I am essentially a 7/14 person. I don't drink less than 7 % and more than 14% alcohol in my drinks. That rules out beer, whiskey vodka and a host of other liquids of pleasure. Essentially, because I do like some red wines with content of 14-14.5%, especially some Chilean and American Cabernets as also the higher alcohol Riojas which are generally beyond my 7/14 range but fortunately the alcohol is well integrated, adding to the structure of the wine.
Sadly, this also rules out fortified wines like Sherry which can give a lot of pleasure. Nevertheless, it was an excellent learning experience visiting Vinoble Fortified and Dessert Wine Show last month in Jerez, the land of Sherry in Spain and learning about a really exciting product that this small region of Southwest Spain has been producing for over two millennia.
Sherry ( named by the British after Sherris- the Arabic name of the city of Jerez de la Frontera ) is a wine - fortified by adding neutral wine alcohol, to a min. level of 15%. Alcohol is added to the juice at some stage of fermentation(when alcohol is around 11%), thus increasing the alcohol content and stopping the natural fermentation.
It is made primarily from Palomino grapes though the sweeter grape Pedro Ximenez (PX) or Muscatel can also be used to blend or even on their own to make sweet or Cream sherry. Fermented on its own, Palomino makes a very insipid wine, low in acidity. But in this region a particular form of yeast named Saccharomyces exists on the surface of the wine. This yellowish material known as flor makes the wine oxidize slowly, giving the wine a tangy flavour. This is the first stage of sherry known as fino. In the neighbouring town of Sanlucar de Barrameda, the sea nearby gives a distinct salty flavour and the fino is known as Manzanilla.
|Botas Of Aging Sherry-Solera At The Bottom, Criaderas On Top
The wine is matured in neutral, old American casks known as botas or butts. All sherry is produced by fractional blending known as solera system. Newest sherry is kept on the top of barrels known as criaderas while the ready to bottle sherry is on the floor known as solera. Usually, one third of the liquid is poured into the row below, the bottom most barrel being emptied by a third into bottles, to make way for the liquid in the botas on top of it.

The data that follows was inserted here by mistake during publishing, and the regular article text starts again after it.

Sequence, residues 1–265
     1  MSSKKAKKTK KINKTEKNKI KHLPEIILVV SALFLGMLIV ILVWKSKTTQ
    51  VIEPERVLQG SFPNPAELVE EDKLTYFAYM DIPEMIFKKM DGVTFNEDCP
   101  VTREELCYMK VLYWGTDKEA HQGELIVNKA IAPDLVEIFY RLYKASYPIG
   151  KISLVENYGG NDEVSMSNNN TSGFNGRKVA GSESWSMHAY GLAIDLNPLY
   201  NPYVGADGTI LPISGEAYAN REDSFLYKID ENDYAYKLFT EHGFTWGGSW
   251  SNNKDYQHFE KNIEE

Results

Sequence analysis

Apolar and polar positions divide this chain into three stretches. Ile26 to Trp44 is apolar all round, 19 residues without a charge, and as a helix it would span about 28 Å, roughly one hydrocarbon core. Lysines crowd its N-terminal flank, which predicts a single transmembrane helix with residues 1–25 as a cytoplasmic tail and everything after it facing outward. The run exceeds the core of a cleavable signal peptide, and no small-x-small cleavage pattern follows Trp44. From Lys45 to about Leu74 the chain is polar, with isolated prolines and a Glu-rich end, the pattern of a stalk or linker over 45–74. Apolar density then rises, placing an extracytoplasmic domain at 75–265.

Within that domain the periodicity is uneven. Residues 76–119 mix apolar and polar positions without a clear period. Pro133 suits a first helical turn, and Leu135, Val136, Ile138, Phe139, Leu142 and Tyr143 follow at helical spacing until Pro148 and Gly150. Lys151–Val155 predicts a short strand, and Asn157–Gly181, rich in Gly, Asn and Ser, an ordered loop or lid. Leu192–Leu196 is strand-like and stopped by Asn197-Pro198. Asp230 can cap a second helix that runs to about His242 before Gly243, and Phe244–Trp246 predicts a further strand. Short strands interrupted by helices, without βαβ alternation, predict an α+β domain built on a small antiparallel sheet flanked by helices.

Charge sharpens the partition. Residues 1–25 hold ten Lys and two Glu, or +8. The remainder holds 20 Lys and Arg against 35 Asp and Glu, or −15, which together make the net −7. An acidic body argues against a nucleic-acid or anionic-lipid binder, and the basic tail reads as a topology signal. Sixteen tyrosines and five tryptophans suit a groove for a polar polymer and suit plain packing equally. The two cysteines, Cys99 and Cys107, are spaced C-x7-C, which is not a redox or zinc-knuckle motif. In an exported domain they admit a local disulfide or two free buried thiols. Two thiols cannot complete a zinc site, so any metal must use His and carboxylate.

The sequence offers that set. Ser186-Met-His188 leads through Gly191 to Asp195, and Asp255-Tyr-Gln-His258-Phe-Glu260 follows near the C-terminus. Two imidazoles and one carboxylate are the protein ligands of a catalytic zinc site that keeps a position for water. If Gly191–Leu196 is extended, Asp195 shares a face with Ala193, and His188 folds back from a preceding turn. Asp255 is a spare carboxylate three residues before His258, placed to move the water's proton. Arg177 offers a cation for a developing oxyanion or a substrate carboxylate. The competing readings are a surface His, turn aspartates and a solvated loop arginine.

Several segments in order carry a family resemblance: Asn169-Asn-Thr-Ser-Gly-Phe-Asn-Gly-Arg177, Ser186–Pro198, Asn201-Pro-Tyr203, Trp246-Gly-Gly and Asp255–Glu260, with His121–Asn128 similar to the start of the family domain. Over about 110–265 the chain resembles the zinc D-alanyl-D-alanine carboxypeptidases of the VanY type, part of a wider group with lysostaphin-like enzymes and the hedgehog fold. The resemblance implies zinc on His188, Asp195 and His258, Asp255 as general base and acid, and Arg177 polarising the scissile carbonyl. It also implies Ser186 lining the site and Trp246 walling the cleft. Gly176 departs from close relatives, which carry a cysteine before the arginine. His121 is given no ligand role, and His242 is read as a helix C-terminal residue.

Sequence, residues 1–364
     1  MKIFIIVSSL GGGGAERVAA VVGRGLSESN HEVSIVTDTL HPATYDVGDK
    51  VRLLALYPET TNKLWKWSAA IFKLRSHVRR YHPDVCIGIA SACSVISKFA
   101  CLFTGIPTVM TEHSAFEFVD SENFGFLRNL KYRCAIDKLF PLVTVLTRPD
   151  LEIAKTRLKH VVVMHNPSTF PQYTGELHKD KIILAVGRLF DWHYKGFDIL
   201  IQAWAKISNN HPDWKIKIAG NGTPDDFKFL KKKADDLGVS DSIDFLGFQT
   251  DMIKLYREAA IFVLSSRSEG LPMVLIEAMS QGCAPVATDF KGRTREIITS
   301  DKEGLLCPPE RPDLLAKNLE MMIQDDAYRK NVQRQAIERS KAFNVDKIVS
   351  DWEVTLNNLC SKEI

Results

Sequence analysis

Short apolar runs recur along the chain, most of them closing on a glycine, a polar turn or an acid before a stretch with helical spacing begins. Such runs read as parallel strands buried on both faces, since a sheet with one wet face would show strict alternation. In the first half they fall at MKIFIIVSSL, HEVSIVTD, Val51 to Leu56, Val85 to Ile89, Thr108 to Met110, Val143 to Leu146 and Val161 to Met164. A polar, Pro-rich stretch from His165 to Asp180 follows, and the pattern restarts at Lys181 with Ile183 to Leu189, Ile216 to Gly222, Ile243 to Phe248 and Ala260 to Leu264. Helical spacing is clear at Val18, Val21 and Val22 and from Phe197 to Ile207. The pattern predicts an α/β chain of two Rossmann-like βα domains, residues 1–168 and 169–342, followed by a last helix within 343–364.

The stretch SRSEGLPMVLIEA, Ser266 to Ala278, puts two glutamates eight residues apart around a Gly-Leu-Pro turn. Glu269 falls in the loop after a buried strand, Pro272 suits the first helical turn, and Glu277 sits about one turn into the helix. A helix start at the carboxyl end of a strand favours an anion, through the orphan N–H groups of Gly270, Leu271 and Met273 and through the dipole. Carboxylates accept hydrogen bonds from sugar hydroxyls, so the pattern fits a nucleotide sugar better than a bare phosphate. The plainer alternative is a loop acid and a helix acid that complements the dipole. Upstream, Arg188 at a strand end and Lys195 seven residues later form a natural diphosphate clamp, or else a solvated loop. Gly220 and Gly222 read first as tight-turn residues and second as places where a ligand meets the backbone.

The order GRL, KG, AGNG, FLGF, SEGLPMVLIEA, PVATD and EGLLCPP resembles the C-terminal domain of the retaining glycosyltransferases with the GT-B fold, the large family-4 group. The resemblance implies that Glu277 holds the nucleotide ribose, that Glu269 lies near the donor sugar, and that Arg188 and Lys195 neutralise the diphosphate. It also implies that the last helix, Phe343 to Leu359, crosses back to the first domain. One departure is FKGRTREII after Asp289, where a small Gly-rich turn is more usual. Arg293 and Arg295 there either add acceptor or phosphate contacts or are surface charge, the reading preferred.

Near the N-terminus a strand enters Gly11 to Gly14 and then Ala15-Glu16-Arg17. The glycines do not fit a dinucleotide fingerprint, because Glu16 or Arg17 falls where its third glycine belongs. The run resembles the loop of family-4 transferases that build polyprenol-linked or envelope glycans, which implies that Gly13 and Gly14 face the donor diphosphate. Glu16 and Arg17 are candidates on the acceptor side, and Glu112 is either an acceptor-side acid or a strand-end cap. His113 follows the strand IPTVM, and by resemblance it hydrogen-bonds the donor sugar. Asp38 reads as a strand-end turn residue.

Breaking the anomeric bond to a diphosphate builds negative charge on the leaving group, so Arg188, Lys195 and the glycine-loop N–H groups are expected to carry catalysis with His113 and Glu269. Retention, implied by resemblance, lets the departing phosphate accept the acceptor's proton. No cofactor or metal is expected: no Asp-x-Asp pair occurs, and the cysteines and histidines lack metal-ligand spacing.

A typical fino, ready in the solera is five to ten years old. When the flor is non existent, wine tends to deteriorate fast and therefore fino should be drunk while young and preferably in one sitting. Since most sherries are non-vintage due to the solera system of aging and blending, one needs to depend on the reputation of the producer and importer to ensure a fresh product. Finos are too dry for most foreign customers who prefer sweeter sherries. They are mostly consumed within Spain and I would strongly recommend you taste them as aperitif on your next trip to Spain and with tapas.
To make the understanding of sherries even more complex, the finos can continue to age in the casks even when the flor dies out, first becoming fino-amontillado and then amontillado. Wines not designed as fino are fortified to around 18% killing the flor; these are called olorosos. other sherries are named as Palo Cortado, Pale Cream, Cream, each having different characteristics and sweetness levels and with slight amount of subjectivity involved along with the style of the winemaker..
Wines that have been aged for over 20 years are classified as V.O.S., (the English expression is ‘Very Old Sherry'). For wines more than 30 years old, the initials used are V.O.R.S., ‘Vinum Optimum Rare Signatum', also coinciding with the English expression ‘Very Old Rare Sherry'. Due to the tradition of its consumption in certain markets, these wines are also known as pale, dry, medium, brown, golden and rich.
Many of these terminologies are subjective and very confusing for the uninitiated. One needs to only enjoy the taste of these fortified wines with alcoholic content of 15-22% with a wide spectrum of aromas, flavour, body, sweetness and structure. It suffices to know that sherry can be stored for a few months in a cool place but when the bottle is opened it should be served chilled and finished within a week or so. Sometimes, it is acceptable to pour crushed ice in the sweet, Cream sherry.
The well known Harvey's Bristol Cream is a sweet Sherry crafted by blending Sherry made from the sweet Pedro Ximenez grapes and has been a popular brand in India. It is being produced by Domain Domecq owned by Pernaud Ricard, importers of Seagram whisky and Jacobs Creek wines in India. However, the brand Harvey's Bristol was sold a year ago to Jim Beam who are exporting it to India through their distributor Maxium.